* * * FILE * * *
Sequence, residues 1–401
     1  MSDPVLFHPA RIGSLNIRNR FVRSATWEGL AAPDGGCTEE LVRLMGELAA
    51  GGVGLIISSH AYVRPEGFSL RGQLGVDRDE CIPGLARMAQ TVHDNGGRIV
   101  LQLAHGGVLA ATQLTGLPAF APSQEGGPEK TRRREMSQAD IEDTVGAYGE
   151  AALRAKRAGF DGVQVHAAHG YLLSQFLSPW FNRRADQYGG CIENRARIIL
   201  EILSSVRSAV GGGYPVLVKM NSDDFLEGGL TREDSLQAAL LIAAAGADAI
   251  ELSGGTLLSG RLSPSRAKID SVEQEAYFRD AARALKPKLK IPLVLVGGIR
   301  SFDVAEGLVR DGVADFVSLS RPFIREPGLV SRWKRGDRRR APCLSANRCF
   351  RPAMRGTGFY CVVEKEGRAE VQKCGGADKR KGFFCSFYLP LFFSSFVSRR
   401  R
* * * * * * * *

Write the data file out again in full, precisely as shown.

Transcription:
Sequence, residues 1–401
     1  MSDPVLFHPA RIGSLNIRNR FVRSATWEGL AAPDGGCTEE LVRLMGELAA
    51  GGVGLIISSH AYVRPEGFSL RGQLGVDRDE CIPGLARMAQ TVHDNGGRIV
   101  LQLAHGGVLA ATQLTGLPAF APSQEGGPEK TRRREMSQAD IEDTVGAYGE
   151  AALRAKRAGF DGVQVHAAHG YLLSQFLSPW FNRRADQYGG CIENRARIIL
   201  EILSSVRSAV GGGYPVLVKM NSDDFLEGGL TREDSLQAAL LIAAAGADAI
   251  ELSGGTLLSG RLSPSRAKID SVEQEAYFRD AARALKPKLK IPLVLVGGIR
   301  SFDVAEGLVR DGVADFVSLS RPFIREPGLV SRWKRGDRRR APCLSANRCF
   351  RPAMRGTGFY CVVEKEGRAE VQKCGGADKR KGFFCSFYLP LFFSSFVSRR
   401  R